A proposal announced by Interior Secretary Ken Salazar Monday could increase by 70-fold the existing installed capacity of solar electricity-generating plants in the United States. The plants would be located on federal land and eventually provide a capacity of 100,000 megawatts, enough to provide the electricity needs of 15 million to 25 million residences. Today, slightly more than a gigawatt (1000 megawatts) of photovoltaic-generated electricity and 600 megawatts of concentrated solar power operations are tied to the nation’s electrical grid. Off-grid PV installations are calculated at 50 megawatts.
Companies have previously announced they will build nearly 6000 megawatts of CSP plants in California, Arizona and New Mexico.
There are currently about 29,000 megawatts of installed wind power capacity in the United States. Ten years ago there were 2500 megawatts.
| "With coordinated environmental studies, good land-use planning and zoning and priority processing, we can accelerate responsible solar energy production that will help build a clean-energy economy for the 21st century," Salazar said.
Many solar projects have been blocked at the local level, putting at risk the Obama administration's plan to double renewable energy production by 2012. For example, in March, Sen. Dianne Feinstein, D-Calif., wrote to Salazar vowing to fight against the construction of a solar project on 600,000 acres of federal land between the Mojave desert preserve and the Joshua Tree National Park. The area lies in a state-designated renewable zone where companies have applied to establish hundreds of solar projects.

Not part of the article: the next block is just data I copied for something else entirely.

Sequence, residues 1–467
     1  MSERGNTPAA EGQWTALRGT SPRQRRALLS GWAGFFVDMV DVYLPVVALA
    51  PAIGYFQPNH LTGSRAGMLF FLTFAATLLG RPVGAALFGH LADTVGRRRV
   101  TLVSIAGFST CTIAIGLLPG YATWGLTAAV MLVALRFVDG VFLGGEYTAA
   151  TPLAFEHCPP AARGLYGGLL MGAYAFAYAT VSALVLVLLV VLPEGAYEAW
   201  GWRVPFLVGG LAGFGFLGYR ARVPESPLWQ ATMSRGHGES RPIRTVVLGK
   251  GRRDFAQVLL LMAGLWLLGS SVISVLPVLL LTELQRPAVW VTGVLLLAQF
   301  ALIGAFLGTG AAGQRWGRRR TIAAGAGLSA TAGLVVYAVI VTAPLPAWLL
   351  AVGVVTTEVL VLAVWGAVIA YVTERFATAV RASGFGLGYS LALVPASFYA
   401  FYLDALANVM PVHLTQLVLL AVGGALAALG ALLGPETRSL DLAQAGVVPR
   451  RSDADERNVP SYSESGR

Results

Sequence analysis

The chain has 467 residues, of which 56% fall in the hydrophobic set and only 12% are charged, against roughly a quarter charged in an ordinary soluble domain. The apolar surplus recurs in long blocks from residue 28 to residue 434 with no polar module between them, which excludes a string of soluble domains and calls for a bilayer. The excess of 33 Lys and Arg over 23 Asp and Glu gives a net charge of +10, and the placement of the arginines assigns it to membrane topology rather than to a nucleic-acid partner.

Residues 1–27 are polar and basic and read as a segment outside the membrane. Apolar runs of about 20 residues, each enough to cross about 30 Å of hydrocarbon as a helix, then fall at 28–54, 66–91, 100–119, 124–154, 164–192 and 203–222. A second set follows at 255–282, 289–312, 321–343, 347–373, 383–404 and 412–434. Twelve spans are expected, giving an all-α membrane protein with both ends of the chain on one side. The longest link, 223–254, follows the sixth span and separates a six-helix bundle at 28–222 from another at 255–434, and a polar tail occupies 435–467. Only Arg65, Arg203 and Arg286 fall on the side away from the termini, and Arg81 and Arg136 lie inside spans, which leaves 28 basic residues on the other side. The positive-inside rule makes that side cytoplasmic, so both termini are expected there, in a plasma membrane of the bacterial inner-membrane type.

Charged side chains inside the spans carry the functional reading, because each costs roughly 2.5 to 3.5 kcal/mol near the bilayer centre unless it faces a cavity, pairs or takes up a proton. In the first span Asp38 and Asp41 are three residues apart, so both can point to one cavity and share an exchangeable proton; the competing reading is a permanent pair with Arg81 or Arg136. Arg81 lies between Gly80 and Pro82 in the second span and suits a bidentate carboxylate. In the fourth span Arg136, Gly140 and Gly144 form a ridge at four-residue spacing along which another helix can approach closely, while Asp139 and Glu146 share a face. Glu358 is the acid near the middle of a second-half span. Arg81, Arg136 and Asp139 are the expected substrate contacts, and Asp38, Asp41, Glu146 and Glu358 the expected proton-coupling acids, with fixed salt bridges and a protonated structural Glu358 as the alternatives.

Because the solar projects are large-scale commercial activities, often requiring exclusive use of federal lands and official land use changes, the environmental assessments and public comment processes are lengthy exercises, Interior Department officials said.
Balancing the need for renewable energy with other environmental concerns, such as land conservation and wildlife preservation, has long been a concern of major green advocacy groups. Some land that is best suited for solar output is also some of the nation’s most fragile desert habitat.
Helen O’Shea, a policy associate for one of those groups, the Natural Resources Defense Council, said:
|"This announcement signals the Department of the Interior’s commitment to proactively finding appropriate places for solar energy development on public lands based on stakeholder input and taking into account environmental impacts. Looking for least conflict areas for solar development is the right place to start and can put America on the right path to addressing the climate crisis while protecting our natural heritage and creating much needed jobs."|
Interior’s press release stated:
| Under one initiative, 24 tracts of Bureau of Land Management-administered land located in six western states, known as Solar Energy Study Areas, would be fully evaluated for their environmental and resource suitability for large-scale solar energy production. The objective is to provide landscape-scale planning and zoning for solar projects on BLM lands in the West, allowing a more efficient process for permitting and siting responsible solar development.
Those areas selected would be available for projects capable of producing 10 or more megawatts of electricity for distribution to customers through the transmission grid system. Companies that propose projects on that scale in areas already approved for this type of development would be eligible for priority processing. The BLM may also decide to use alternative competitive or non-competitive procedures in processing new solar applications for these areas.